Stelios blasts Easyjet's bosses over 'fat cat bonuses'

Sir Stelios Haji-Ioannou
Image caption Sir Stelios has been in dispute with Easyjet

Easyjet founder Sir Stelios Haji-Ioannou has denounced executives at the airline over their "fat cat bonuses".

Sir Stelios, whose family still has a 38% stake in the airline, has tabled a motion at the annual meeting next month blocking a proposed pay deal.

But press reports have suggested that the board could resign en masse if shareholders agree.

Attacking the "gravy train" of major companies, Sir Stelios said: "These guys are welcome to resign anytime."

"I know as shareholders we could easily replace them with talented executives and experienced non-executive directors who will cost half as much in bonuses," he said in a statement.

The directors have put forward a pay deal that could award 10 senior executives £8m worth of shares in three years if certain targets are met.

Bonus rows

"We must take a stand against directors who seem to regard our company as their personal piggy bank to be dipped into at will. The gravy train of £180m free shares issued over the last decade must come to an end now.

"Simply put if shareholders can vote down bonuses at Easyjet then bonuses will come down in all listed companies.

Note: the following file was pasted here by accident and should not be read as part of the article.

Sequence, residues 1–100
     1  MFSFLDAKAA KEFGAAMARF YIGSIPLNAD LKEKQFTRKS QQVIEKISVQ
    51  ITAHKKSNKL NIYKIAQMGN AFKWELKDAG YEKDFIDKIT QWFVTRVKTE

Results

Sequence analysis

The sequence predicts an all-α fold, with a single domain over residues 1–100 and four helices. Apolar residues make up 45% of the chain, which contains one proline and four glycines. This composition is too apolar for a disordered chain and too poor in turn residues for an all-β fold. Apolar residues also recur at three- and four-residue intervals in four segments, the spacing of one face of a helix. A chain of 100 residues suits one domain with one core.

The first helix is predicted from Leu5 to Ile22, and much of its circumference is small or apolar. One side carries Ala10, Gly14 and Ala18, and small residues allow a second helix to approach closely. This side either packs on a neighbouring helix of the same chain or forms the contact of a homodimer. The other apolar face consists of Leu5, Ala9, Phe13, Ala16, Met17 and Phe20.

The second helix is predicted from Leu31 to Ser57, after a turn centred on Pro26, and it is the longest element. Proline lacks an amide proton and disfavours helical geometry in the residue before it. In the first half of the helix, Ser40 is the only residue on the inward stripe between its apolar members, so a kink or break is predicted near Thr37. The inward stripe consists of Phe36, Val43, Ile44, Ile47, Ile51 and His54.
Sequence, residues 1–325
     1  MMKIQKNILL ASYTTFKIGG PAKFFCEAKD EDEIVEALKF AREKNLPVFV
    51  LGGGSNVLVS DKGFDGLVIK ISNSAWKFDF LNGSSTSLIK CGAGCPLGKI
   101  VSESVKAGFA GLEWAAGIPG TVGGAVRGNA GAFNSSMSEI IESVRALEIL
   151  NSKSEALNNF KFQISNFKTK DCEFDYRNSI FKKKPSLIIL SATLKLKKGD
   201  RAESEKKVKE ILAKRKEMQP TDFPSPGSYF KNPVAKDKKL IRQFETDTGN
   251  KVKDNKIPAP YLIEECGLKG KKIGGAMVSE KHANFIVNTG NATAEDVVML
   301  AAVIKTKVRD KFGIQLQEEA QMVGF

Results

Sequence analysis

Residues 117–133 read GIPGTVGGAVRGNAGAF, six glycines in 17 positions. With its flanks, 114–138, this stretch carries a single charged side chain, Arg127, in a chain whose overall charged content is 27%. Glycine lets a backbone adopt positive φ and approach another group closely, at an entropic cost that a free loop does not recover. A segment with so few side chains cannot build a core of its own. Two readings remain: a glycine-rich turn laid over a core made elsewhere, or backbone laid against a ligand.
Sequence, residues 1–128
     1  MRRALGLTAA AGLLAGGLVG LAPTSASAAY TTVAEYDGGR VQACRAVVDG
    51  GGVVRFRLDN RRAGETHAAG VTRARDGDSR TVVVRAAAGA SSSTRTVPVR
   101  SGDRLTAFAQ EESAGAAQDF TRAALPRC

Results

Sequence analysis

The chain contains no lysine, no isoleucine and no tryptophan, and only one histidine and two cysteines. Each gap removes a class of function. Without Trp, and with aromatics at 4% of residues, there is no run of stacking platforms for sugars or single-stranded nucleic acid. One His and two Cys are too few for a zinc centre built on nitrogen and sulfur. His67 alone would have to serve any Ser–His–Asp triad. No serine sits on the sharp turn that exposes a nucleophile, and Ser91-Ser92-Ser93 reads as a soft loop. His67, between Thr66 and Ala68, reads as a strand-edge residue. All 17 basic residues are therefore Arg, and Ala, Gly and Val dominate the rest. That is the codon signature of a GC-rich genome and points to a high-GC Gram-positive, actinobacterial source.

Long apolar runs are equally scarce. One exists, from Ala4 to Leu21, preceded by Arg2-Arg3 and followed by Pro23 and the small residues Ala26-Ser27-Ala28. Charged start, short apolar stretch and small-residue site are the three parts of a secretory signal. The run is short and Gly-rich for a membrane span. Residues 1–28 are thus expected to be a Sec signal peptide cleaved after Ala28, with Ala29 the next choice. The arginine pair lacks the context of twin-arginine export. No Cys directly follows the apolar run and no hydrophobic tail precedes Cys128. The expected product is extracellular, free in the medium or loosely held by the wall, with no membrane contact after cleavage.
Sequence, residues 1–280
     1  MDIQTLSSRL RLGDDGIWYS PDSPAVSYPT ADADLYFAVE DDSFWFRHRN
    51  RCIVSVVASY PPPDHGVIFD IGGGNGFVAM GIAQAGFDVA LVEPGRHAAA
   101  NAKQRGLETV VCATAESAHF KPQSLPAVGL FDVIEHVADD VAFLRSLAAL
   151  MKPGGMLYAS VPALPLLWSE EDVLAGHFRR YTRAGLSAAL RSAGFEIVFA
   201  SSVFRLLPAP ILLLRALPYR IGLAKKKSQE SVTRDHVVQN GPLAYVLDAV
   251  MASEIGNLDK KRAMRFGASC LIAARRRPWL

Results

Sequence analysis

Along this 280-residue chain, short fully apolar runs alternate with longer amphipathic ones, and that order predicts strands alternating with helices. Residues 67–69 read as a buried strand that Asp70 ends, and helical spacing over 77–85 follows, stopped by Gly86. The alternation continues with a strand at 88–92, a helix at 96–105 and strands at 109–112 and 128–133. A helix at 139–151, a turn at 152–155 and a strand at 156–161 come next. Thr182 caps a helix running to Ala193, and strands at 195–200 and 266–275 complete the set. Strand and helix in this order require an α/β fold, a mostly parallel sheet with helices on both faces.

"And that is good for shareholders and pensioners whose pensions are invested in these companies," Sir Stelios said.

An Easyjet spokesman said that characterising the £180m as bonuses to directors was unfair.

"The majority of those shares were issued to Easyjet staff including pilots and cabin crew by Stelios when the company floated, and the total includes popular staff schemes such as save as you earn."

Bonuses at major firms have continued to be a source of controversy, the most recent example being at state-owned Royal Bank of Scotland. Chief executive Stephen Hester will not take his bonus worth nearly £1m.

Easyjet chief executive Carolyn McCall earned £1.5m in 2011 in her first full year in the job, including £840,000 in bonuses.

The low-cost airline saw revenues rise 16.7% in the last three months of 2011 as passenger numbers rose 8.1%.

Sir Stelios, who founded Easyjet in 1995, quit the airline's board in 2010 after a row over strategy. But he and his family still control a large number of the shares.

He is also opposed to the airline's decision to buy new planes from Airbus.

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